PARIS - The initial six-month mandate for French troops sent to the Central African Republic to try and quell deadly unrest is "likely" to be extended, France's defence minister said in an interview Thursday.
His comments came as the United States called for an end to the "cycle of violence" in a country beset by ongoing clashes between Muslims and Christians, sparked by a coup last year by mainly Muslim Seleka rebels.
"It's likely," Jean-Yves Le Drian told French radio when asked if the mandate would be extended, two months after the United Nations Security Council authorised French and African troops to intervene in the strife-torn country.
"We have a six-month mandate from the United Nations. After that, it's renewable. At the end of the day, there must be an actual UN mission, which means peacekeepers coming.
"Otherwise this country, which is subject to regular atrocities, risks falling into chaos and it's very dangerous for a country in central Africa - near risk areas like the Sahel, the Horn of Africa and the Great Lakes - to collapse."
The United Nations gave French and African troops the green light to intervene on December 5, and Paris has since deployed 1,600 soldiers to the Central African Republic.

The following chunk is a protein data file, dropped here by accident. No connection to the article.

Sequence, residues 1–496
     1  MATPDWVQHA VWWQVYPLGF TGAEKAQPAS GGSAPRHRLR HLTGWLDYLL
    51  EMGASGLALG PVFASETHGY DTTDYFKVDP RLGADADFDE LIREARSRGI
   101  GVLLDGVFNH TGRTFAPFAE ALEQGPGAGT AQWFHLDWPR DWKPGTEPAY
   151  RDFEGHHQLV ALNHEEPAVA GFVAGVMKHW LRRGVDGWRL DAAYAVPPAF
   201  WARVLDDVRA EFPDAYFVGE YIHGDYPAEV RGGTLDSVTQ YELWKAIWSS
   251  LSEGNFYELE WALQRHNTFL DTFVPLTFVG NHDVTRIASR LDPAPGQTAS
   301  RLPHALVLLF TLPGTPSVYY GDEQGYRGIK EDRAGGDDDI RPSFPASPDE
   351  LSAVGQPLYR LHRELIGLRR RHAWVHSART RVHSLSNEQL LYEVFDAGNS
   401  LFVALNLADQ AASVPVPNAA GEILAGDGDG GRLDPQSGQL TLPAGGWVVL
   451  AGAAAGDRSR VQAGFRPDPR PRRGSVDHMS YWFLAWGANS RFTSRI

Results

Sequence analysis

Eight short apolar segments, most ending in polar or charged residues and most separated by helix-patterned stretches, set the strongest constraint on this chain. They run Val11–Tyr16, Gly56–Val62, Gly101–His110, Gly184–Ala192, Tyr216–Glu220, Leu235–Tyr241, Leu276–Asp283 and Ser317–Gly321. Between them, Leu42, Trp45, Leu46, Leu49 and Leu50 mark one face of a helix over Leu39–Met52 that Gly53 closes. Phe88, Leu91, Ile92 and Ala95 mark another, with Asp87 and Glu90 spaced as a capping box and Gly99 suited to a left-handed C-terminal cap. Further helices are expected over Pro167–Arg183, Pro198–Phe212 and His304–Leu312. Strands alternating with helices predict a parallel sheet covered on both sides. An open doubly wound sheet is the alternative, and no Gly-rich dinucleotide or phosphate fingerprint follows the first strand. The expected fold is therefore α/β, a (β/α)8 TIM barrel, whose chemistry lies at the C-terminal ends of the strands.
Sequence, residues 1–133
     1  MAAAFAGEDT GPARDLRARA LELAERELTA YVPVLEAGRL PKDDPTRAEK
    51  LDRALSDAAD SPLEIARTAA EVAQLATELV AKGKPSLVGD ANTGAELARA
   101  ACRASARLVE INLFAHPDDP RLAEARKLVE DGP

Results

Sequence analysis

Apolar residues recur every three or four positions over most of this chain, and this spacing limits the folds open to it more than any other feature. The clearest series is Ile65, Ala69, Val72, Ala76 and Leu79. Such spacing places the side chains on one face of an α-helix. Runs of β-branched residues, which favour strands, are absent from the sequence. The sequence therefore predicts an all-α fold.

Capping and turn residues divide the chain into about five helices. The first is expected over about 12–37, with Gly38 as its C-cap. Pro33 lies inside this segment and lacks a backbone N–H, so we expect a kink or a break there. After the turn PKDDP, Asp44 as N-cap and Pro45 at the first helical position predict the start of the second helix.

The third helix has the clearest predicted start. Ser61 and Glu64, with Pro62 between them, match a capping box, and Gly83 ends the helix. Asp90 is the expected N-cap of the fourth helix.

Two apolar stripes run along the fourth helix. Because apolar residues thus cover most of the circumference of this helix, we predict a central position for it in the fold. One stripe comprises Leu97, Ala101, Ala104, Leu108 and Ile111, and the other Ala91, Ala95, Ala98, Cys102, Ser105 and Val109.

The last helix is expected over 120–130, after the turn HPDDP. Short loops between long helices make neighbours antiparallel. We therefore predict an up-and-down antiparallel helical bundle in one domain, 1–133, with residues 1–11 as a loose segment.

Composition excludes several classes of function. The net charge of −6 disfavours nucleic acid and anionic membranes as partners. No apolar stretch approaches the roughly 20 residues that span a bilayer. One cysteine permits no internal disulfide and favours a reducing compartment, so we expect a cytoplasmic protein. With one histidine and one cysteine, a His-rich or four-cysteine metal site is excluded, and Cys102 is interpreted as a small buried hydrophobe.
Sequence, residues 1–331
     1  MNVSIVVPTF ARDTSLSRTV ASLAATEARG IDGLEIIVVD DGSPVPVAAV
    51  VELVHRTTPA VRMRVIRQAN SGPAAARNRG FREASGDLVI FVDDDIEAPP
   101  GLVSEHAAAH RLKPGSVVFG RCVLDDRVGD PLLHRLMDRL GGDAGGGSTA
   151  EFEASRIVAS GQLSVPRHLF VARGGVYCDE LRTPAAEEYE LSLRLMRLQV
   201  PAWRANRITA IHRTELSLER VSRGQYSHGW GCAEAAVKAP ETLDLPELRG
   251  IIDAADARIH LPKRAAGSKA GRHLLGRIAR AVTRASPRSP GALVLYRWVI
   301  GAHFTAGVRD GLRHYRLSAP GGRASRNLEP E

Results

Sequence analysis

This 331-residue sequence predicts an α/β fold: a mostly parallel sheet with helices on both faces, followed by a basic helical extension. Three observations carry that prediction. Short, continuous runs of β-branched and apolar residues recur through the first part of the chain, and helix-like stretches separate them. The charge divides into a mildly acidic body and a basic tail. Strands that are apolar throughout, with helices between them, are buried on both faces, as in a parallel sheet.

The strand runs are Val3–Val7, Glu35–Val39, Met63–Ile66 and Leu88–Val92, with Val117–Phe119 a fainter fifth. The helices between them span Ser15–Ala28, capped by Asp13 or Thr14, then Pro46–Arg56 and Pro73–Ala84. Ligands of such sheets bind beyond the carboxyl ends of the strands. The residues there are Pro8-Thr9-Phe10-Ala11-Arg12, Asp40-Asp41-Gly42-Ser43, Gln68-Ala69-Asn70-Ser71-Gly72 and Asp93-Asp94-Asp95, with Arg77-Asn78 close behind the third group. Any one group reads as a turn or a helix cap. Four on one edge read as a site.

Asked about the current situation in the country, where on Wednesday soldiers publicly lynched a suspected former rebel just minutes after an official ceremony presided by the president, Le Drian said many problems still remained.
"We avoided the worst in this country of just over four million people, where a quarter of the population is displaced, where there have been abuses for more than a year, repeated massacres, tragic, appalling situations, with a catastrophic humanitarian situation," he said.
The minister said the presence of French troops had brought back some stability to the capital Bangui, but not so for the rest of the country.
He pointed out that the upcoming arrival of a rare EU mission and a strengthened African force would eventually help extend military presence over the rest of the country.